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Tips for the Compleat Gardener: The surprise of yucca


This time of year I always find myself drawn to the flower of the yucca plant. It is like a celebration rising tall above daylilies, ivory colored bells against the blue sky of summer being born.

They don’t release their sweet scent until the night pollinators are out and about, moths, beetles and bats in the moonlight. This trait as well as its beautiful tower of bells makes it a great part of the evening garden where you sit and enjoy the night. Datura and Nicotianna are other tall, white evening-scented plants for around the night terrace.

Yucca filamentosa is a member of the Agave family, an evergreen native with stiff blade shaped leaves that end in a sharp point and with the flowers on a separate stalk (raceme) that rises several feet above the plant. The flowers develop and bloom on the lower raceme moving upwards.

Each flower consists of three sepals, three petals (together called tepals), six male stamens with heavy pollen and one pistil all positioned to make self-fertilization difficult. This plant depends on fertilization by the yucca moths who are attracted by the sweet smell in evening.

Most of the yuccas are native to the western part but Y. glauca is found in eastern areas of the U.S. along with several of its family members such as the agave, aloe and more. They can spread by root movement through the soil and are very hard to remove once established.

The yucca plant is perennial and evergreen sending up a new flower stalk annually. The stalk continues to be a garden feature as pods ripen and seeds emerge. Birds enjoy perching on it and those helpful moth pollinators use the seed pods as nurseries.

While pollinating the plant the moth inserts eggs into parts of the flower, usually only two or three per flower and as seeds begin to form in the pod the baby caterpillars eat about a third of the seeds as they grow leaving plenty.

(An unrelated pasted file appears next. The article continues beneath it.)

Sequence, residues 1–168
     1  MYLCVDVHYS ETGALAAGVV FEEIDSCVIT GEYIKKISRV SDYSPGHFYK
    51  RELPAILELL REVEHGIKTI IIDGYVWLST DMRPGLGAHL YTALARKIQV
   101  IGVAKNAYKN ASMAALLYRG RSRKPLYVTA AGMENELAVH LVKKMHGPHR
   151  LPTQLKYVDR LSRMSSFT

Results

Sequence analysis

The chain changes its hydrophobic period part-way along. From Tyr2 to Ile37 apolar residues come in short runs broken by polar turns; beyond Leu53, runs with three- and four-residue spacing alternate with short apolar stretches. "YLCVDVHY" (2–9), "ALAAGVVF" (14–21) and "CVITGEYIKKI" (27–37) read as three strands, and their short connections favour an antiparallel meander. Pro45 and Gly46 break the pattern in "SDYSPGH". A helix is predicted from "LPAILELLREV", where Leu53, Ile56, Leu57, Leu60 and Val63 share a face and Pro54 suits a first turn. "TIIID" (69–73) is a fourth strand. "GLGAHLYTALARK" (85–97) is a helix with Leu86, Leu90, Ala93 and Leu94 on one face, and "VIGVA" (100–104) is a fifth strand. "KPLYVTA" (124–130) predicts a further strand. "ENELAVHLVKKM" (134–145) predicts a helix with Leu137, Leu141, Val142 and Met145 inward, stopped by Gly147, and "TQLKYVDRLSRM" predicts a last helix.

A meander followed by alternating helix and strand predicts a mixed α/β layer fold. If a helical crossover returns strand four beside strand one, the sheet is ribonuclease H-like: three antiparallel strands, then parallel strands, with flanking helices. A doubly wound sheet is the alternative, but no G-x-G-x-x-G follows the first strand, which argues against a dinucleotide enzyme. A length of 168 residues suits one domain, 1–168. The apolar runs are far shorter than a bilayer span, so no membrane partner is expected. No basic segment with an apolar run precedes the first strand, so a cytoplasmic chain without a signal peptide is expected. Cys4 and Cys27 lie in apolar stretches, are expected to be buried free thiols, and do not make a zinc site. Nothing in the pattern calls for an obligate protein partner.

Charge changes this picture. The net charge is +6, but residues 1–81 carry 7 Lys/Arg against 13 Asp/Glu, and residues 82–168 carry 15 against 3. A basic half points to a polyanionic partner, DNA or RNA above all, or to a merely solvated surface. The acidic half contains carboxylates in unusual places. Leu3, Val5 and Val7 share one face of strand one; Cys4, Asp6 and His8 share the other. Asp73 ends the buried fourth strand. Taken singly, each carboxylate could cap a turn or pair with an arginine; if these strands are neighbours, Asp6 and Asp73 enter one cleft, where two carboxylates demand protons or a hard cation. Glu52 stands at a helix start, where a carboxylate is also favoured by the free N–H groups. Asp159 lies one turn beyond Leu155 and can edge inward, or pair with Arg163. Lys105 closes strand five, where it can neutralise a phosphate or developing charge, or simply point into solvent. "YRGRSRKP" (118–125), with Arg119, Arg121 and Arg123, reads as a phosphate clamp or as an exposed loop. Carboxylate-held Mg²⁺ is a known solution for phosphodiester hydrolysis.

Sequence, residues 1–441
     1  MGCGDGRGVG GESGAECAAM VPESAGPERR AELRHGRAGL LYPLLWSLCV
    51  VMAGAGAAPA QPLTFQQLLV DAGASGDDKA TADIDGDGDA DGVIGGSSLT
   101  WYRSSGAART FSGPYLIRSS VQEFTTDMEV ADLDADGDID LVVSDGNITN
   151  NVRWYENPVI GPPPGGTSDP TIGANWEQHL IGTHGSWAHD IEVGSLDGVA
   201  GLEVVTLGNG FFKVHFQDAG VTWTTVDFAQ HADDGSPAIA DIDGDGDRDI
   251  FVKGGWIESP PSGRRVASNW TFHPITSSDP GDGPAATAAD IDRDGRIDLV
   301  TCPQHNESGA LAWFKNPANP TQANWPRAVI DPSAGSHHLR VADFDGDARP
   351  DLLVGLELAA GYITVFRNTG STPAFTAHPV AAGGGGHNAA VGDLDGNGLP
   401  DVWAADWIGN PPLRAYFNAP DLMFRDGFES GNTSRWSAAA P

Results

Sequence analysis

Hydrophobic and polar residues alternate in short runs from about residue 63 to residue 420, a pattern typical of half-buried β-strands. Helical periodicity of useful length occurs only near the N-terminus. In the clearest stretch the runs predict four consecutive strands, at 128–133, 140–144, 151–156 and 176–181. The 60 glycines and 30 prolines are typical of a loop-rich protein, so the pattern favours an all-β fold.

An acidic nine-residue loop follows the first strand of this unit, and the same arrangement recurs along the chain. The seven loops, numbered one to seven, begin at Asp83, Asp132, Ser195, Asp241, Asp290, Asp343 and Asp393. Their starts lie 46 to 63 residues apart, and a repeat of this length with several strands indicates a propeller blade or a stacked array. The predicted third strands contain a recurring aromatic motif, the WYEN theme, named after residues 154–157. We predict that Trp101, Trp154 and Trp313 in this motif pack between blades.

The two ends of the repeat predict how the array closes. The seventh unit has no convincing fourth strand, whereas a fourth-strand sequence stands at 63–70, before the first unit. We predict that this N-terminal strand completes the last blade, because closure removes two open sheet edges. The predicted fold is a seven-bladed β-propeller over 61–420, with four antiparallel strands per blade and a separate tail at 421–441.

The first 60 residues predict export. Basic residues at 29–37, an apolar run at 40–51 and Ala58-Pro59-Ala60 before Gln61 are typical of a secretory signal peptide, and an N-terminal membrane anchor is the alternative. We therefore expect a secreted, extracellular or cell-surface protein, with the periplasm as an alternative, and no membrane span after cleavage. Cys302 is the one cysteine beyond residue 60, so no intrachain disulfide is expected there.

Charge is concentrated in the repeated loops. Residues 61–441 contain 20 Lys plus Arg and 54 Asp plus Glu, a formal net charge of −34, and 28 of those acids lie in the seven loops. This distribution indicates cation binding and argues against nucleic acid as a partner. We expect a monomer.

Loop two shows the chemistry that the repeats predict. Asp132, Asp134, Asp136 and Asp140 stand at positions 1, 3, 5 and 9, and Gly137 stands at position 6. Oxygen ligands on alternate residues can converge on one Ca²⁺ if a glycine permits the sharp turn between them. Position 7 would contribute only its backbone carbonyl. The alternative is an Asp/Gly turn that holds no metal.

As the flowering ends many of the flowers are dropped, even pollinated ones, keeping the balance appropriate for survival. The Yucca plant is not food for other than its special moth though perching sites and nesting cavities exist and we can eat the flowers.

Spanish bayonet, another name for yucca, is drought resistant, has a low allergy presence, can be used in a wind-resistant border, is great for rooftop gardening and helps stop fires, in fact yuccas should be the main landscape plant for houses in dry, fire zones.

The plant has strong fibers for making cordage, baskets, cloth, nets baskets and even footwear. A mild soapy liquid can be made from the roots to use in cleaning giving it another name of soapweed.

Yuccas look good with grasses and other prairie plants in a low-maintenance landscape along with a weeping blue spruce or atlas cedar. It is often associated with prickly pear cactus in landscape design. The cacti can be seen blooming now even wild along the cliffs by the Delaware River. I am always surprised that the cactus is also native to this area; when I happen upon it I feel I have somehow stumbled into the desert.

In the garden this week make sure your salvias are deadheaded to prolong the bloom time and make sure you water the newly planted even if it rains.

Happy July